Monday, March 06, 2006

After the Oscars

It was a predictable night, and a frustrating one.
I liked CRASH; BROKEBACK MOUNTAIN was tedious if undeniably significant. But the movie that was better and more important than both of them put together won nothing. Don't get me wrong. I was glad CRASH won; it was an excellent film. BROKEBACK just wasn't good enough. It wasn't scandalous or ground breaking or outrageous or powerful ... just slow and dull. I was bored. Story points were ignored: we find out YEARS LATER that wifey booby-trapped the fishing tackle to see if Ennis was really fishing or not. First of all -- would it have killed them to actually fish a little? But anyway, the trap was sprung, she knew right then, YEARS AGO, that the fishing was bullshit. But she waits decades to bring it up. Why? Because the writers and director are insanely invested in having a crushingly static story where nothing ever happens. Call me a phillisitine, but I like movies where something does actually happen from time to time. I'll say it again, since Ang Lee is a notorious wide-screen-panoramas-of-the-mountains and drops-of-water-on-the grass style film-maker: you can't tell a story with scenery. You have to tell it with scenes.

But pretty pictures are easy; confrontations and the repercussions of those confrontations are anything but. Writing characters going at each other and altering the course of their lives ... that's hard work. Work: what we fucking pay you for, Ang. Anyone with a camcorder and a flock of sheep can do what you did. You have to do a little more if you want that gold statue at the end of the night.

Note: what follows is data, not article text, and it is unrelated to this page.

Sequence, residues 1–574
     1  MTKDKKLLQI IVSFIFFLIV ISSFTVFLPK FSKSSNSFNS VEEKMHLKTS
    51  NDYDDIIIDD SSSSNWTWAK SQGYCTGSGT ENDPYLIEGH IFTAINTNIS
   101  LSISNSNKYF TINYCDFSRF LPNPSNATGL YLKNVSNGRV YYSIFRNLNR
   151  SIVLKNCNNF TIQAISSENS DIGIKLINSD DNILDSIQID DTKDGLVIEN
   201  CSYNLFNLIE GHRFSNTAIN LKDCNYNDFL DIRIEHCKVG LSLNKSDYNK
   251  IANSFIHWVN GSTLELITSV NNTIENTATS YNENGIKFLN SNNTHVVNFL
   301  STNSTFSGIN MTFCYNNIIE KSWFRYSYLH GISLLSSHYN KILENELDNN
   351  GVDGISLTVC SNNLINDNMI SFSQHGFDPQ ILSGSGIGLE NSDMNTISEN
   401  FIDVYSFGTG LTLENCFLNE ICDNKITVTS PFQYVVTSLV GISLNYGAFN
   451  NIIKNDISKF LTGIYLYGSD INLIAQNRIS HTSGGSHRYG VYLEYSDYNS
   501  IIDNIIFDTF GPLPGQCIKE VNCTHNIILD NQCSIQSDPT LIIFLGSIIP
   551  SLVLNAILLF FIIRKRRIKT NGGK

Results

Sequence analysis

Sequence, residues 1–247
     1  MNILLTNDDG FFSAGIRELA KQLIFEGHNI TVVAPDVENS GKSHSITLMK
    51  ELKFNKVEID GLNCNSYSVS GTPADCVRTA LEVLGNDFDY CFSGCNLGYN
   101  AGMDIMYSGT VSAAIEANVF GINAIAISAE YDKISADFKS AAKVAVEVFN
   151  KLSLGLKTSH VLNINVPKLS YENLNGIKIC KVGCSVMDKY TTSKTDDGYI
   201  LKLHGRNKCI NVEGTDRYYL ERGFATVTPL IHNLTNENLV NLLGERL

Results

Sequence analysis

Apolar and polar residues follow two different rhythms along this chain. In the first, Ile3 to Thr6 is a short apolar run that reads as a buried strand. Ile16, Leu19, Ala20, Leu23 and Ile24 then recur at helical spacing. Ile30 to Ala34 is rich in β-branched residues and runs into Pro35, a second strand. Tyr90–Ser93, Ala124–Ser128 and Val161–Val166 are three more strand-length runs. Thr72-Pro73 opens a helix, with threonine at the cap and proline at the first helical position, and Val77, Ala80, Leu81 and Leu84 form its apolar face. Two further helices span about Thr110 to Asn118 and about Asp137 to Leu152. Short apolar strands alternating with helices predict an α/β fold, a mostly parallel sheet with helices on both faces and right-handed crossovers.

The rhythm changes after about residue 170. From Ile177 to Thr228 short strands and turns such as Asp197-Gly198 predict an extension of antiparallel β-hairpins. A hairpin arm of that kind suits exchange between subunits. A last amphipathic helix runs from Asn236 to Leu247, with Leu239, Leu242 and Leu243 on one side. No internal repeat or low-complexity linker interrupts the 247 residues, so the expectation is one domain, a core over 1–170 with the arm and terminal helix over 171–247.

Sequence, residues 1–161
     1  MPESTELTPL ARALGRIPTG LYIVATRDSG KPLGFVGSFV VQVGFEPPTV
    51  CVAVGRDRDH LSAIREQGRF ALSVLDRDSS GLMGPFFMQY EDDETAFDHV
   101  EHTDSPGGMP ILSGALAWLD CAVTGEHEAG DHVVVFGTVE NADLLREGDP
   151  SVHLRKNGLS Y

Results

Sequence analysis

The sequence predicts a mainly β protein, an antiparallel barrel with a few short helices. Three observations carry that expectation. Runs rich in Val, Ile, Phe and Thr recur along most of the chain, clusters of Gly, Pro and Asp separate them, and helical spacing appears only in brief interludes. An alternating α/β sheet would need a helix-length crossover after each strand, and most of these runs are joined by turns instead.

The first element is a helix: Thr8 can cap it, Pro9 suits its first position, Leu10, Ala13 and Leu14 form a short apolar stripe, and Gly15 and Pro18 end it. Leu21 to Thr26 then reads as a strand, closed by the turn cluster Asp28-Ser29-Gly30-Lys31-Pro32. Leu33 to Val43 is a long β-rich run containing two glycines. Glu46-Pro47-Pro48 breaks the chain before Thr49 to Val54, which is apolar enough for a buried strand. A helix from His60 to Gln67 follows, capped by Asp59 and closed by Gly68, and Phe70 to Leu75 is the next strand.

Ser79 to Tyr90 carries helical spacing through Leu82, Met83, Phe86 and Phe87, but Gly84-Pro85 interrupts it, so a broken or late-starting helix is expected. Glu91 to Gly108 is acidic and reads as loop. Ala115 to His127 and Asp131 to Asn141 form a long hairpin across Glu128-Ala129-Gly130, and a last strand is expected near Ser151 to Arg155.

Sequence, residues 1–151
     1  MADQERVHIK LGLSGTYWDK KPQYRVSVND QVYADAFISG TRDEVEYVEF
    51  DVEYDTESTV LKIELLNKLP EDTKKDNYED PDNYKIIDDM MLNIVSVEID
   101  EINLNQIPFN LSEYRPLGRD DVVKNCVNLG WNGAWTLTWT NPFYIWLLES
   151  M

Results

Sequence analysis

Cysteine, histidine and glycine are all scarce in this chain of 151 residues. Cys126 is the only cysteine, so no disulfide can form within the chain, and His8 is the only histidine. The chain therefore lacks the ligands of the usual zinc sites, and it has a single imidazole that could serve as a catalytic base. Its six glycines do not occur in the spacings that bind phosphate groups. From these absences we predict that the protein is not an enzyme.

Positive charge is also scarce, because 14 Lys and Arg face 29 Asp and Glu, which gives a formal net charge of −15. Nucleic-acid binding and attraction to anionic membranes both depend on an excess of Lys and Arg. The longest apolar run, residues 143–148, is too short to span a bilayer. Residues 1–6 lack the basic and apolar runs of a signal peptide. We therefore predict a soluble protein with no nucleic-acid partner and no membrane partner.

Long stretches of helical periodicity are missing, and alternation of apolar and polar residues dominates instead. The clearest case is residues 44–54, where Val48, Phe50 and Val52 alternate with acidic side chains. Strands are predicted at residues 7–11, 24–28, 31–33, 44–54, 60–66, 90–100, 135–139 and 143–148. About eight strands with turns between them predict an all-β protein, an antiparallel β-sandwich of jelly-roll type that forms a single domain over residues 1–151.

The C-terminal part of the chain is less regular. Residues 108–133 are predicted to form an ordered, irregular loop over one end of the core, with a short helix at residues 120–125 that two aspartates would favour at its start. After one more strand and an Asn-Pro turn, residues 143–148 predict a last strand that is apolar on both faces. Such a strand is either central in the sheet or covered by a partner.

It's funny, so many people talked about how "homophobia" killed BROKEBACK's chances for the Oscar. But no one mentioned the hawkish pro-Israel political orthodoxy that killed MUNICH. That's a good way to get blacklisted ... or is it shitlisted now? Whatever. So no one said a word, not even Spielberg. But he knew; and to his credit, he must have known before he ever started shooting the movie. But he went ahead and shot it anyway.

I can't help wondering what his old pal George Lucas must be thinking, if any actual self-analytcal thought penetrates his Death-star fortress of narcissistic self-delusion. They started out together, kind of on the same level, making pop-corn movies ... JAWS, STAR WARS, sharing the credit (rightly or wrongly) for inventing the 'blockbuster' and destroying the golden age of film-making. But look at them now. George wheezing out the last pathetic, unwatchable loogie of derivitive phglem he's been hawking up for 30 years ... and Steve making MUNICH. If I were George I'd want to rise to the occasion and try to make a film that mattered to someone besides comic-book geeks ... or else just retire and count my money. He thinks of himself as a 'maverick' who rejects Hollywood, but that's the standard tinsel town finally judges you by, the gold standard, and he cares about it just as much as any craven studio executive. It's a trap, though. Millions of people may have seen the last STAR WARS; but for most of them it was a duty, something they had to do just to be done with it -- like an afternoon in divorce court or an apendectomy.

MUNICH may nave been a relative 'flop', but it's going to last, and the people who paid their money and let themselves be harrowed by the ravishing imagery and the ugly facts know they got what people have been going to the movies for since D.W Griffith invented the tracking shot: a dream that grabs you when you're wide awake, and hangs on until you get insomnia, that forces you to notice and doesn't let you forget.

That's what they ought to give Oscars for. But not this year. I don't think Spielberg really gives a damn, though. So I'm trying not to, either. Jon Stewart was funny and the dresses looked good.
That's enough for me.